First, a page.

Hackers are faking Meltdown and Spectre patches

Criminals are injecting legitimate-looking patches with Smoke Loader malware

While the likes of Google, Microsoft and chip manufacturers scramble to fix the Spectre and Meltdown vulnerabilities, hackers have been working on fake patches, riddled with malware and distributed via dubious websites claiming to be supported by security authorities.

This malware, known as Smoke Loader, looks to be an official patch but will actually let malware loose on your computer, posing potentially a greater threat than the original Meltdown and Spectre vulnerabilities. 

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The malware-infested patch was discovered by security firm MalwareBytes, which reported it found a particularly nasty variation on a German spoof site, sicherheit-informationstechnik.bid. The website offers advice about the vulnerabilities and then a download link with a zip file attached.

The download is called Intel-AMD-SecurityPatch-10-1-v1.exe - a filename that looks pretty legitimate, but when users install it onto their computer, they'll find it's actually laced with the Smoke Loader malware, causing the computer to connect to domains, sending encrypted information to them via additional payloads.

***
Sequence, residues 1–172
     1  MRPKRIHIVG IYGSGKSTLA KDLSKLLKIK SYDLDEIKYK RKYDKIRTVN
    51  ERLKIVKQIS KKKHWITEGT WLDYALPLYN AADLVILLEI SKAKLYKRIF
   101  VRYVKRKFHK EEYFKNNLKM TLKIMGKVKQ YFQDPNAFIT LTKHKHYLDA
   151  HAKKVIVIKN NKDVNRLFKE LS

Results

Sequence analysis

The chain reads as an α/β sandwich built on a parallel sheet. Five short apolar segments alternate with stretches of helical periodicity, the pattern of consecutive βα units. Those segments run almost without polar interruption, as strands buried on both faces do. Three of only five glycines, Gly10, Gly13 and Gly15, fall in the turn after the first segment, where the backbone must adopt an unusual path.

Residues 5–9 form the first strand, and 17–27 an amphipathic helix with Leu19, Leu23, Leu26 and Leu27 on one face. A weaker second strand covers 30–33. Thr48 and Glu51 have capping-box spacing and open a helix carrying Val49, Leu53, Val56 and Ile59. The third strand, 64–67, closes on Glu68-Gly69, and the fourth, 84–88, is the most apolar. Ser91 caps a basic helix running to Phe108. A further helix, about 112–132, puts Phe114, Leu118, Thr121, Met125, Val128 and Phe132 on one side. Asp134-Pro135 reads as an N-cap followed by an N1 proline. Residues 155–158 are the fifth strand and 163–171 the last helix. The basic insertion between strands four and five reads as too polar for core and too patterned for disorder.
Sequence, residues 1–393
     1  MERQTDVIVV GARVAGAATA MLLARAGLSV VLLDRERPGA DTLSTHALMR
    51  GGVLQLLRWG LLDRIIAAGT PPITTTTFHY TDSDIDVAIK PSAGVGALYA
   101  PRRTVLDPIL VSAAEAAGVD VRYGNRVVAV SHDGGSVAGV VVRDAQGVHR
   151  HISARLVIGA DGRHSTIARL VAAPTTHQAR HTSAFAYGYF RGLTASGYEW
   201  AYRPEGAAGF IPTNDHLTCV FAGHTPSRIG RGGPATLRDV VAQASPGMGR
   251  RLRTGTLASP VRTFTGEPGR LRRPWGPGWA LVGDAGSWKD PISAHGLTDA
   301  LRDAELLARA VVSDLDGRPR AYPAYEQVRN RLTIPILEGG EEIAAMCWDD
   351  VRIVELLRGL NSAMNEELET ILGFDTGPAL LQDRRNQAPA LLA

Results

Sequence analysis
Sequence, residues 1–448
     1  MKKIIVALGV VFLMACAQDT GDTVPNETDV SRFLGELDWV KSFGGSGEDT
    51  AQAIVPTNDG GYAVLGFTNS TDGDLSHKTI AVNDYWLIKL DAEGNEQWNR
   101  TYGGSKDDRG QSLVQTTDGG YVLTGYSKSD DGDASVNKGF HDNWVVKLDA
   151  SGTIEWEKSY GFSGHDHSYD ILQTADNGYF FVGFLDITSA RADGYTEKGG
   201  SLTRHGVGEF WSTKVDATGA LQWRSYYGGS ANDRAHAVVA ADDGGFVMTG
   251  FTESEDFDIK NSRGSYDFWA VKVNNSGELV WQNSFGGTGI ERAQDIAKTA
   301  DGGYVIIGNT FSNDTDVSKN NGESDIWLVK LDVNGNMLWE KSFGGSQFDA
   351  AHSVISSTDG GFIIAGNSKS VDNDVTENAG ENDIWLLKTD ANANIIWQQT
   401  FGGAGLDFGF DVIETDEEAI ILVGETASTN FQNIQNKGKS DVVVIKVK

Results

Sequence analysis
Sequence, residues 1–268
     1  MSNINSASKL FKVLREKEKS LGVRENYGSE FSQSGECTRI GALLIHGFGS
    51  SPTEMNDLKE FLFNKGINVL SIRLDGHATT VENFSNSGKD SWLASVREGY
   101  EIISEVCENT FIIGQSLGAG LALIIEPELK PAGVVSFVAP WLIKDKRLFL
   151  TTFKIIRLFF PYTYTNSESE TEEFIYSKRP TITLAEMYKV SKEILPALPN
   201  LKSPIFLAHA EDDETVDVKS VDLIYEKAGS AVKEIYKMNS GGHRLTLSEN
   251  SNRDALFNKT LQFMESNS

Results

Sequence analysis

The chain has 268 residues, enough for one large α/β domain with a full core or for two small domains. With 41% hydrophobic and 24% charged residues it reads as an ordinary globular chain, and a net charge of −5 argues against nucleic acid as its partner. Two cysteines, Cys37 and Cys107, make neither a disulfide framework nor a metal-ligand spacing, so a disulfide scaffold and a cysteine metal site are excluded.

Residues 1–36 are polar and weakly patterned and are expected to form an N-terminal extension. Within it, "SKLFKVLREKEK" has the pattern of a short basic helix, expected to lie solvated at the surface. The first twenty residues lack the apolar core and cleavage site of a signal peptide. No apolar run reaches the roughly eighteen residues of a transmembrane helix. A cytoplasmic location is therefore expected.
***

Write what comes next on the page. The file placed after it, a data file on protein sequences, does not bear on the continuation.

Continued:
"The Subject Alternative Name field within the abused SSL certificate shows other properties associated with the .bid domain, including one that is a German template for a fake Adobe Flash Player update," researcher Jerome Segura wrote in a blog post.

He added the company contacted Comodo and CloudFlare to report the dodgy download and immediately, they stopped the malware from operating. The company added its own software protected against the malware immediately.

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"Online criminals are notorious for taking advantage of publicized events and rapidly exploiting them, typically via phishing campaigns," Segura added. "This particular one is interesting because people were told to apply a patch, which is exactly what the crooks are offering under disguise."

Image: Shutterstock

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